This post is part of the On the Margin blog.
It might be a stretch to say that having an effective digital strategy is a matter of life or death for restaurant chains in 2017. But it’s not much of one.
At a time of heavy competition in the industry, online and mobile ordering are increasingly becoming points of consideration for consumers that have plenty of options for their meals. Consider:
• Panera Bread Co. on Tuesday noted that digital orders are now 26 percent of total sales at company-owned locations. Panera has added online ordering and kiosks at those locations, and consumers have clearly responded. And same-store sales at those units increased 5.3 percent in the company’s first quarter, and rose 11.5 percent over two years. By comparison, franchisees’ same-store sales are up 7.3 percent over two years. Panera is one of the stronger restaurant chains in the country right now.
• Chipotle Mexican Grill Inc. said this week that digital sales increased 53.5 percent in the first quarter. The company used “smarter pickup times” technology that assigns pickup times based on transaction volumes. And the company has a second make line to help with those orders. Chipotle’s same-store sales increased 17.8 percent in the first quarter, far above the 15-percent growth analysts expected. The chain has a long way to go to recover sales it lost last year, but it was a strong report.
To be sure, digital ordering is hardly a panacea to what is ailing U.S. restaurants. Starbucks Corp. struggled in the first quarter in part because the company couldn’t handle all of its digital orders. In other words, if you’re going to have digital ordering, make sure it doesn’t make things more complicated.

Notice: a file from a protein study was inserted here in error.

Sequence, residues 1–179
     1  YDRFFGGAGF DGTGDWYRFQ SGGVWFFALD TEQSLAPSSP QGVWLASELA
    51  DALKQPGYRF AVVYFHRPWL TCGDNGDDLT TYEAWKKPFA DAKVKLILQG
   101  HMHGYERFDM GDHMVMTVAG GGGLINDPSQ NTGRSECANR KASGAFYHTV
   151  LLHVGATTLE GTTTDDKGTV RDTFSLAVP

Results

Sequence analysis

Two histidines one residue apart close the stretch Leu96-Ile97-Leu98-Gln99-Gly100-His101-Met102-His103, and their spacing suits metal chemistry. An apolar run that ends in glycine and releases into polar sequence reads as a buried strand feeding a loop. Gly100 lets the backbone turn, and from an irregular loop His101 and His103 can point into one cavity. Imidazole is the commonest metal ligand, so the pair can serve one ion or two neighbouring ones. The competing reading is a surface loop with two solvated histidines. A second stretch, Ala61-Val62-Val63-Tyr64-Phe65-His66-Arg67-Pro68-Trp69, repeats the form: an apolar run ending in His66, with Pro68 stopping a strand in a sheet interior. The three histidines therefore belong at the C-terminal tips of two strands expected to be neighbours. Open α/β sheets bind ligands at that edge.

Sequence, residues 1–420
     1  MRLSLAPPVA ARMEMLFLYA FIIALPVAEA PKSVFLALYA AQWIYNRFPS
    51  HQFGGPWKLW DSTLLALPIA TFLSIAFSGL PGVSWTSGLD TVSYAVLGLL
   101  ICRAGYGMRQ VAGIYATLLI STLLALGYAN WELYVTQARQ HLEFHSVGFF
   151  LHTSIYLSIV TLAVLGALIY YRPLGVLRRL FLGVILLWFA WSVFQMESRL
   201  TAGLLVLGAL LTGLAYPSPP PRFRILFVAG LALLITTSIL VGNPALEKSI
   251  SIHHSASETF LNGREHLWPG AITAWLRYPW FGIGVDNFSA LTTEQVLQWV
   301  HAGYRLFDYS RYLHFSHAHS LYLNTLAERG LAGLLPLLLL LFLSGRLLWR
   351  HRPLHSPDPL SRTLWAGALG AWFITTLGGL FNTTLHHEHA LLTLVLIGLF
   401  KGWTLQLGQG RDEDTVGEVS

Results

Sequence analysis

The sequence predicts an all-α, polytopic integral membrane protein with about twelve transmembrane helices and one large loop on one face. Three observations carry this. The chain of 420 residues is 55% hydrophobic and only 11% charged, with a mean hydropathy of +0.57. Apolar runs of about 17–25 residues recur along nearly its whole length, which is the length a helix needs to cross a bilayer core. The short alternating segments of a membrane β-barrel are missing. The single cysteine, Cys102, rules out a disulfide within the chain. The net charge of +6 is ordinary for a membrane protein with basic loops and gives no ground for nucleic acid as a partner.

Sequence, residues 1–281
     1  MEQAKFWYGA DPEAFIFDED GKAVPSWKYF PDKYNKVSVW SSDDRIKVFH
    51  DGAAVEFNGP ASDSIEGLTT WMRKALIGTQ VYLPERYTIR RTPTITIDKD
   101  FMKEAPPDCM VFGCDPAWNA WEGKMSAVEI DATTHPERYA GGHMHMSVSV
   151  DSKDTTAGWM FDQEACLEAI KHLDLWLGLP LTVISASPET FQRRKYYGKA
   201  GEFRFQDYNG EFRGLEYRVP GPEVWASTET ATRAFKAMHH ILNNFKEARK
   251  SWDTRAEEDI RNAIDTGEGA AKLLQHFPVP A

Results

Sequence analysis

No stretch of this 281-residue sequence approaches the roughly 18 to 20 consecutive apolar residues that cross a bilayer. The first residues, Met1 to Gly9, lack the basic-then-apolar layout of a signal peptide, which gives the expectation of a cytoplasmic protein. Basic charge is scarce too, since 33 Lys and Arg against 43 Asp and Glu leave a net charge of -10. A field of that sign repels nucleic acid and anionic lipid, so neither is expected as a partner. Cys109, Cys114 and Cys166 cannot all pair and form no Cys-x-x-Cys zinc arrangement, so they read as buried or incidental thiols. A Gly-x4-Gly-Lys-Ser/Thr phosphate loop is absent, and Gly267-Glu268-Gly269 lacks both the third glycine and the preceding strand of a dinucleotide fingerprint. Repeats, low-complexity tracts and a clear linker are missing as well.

I also remain somewhat skeptical about the overall potential for a specific mobile app at most restaurant chains. Most of them simply don’t get enough habitual business to warrant valuable space on consumers’ mobile phones.
Oh, and food and service still matter. People won’t online order food they hate.
Yet the success of restaurant chains in generating digital orders is a vital consideration at a time when many companies are investing heavily in this area — it’s arguably amounting to one of the biggest, overall shifts in the way the industry interacts with consumers since the invention of fast food.
McDonald’s Corp. has high expectations for its own efforts. The company is planning to expand mobile order and payment to all 14,000 of its U.S. locations by the end of the year.
It's also adopting a Panera-like, “Experience of the Future” model at those restaurants, with plans to have kiosks in most U.S. locations by 2020. The company says sales are stronger at restaurants that have the kiosks.
CEO Steve Easterbrook said the efforts could generate sales for years, far longer than, say, the introduction of a new product.
“It takes time for consumers’ behavior to change,” he said.
The biggest example of the ability to drive sales using digital orders is, of course, at Domino’s Pizza Inc., where digital strategies and innovative marketing have combined for a three-year same-store sales increase of more than 30 percent.
Pizza chains were early adopters of technology, and the largest concepts are all takeout and delivery, which lends itself to quick adoption of online and mobile ordering.
Yet the restaurant business is an increasingly takeout business itself. More than two-thirds of McDonald’s customers, for instance, use the drive-thru. And 61 percent of all restaurant orders right now are takeout, according to market research firm The NPD Group.
Even at casual-dining chains, takeout is an increasingly important element. It’s the only traffic in that business that’s growing, according to NPD.
Consumers are increasingly strapped for time. They don’t eat inside restaurants as much as they once did. So restaurant chains looking to cater to large numbers of consumers need to look at digital ordering if they’re going to keep up with the industry.
Jonathan Maze, Nation’s Restaurant News senior financial editor, does not directly own stock or interest in a restaurant company.
Contact Jonathan Maze at [email protected]
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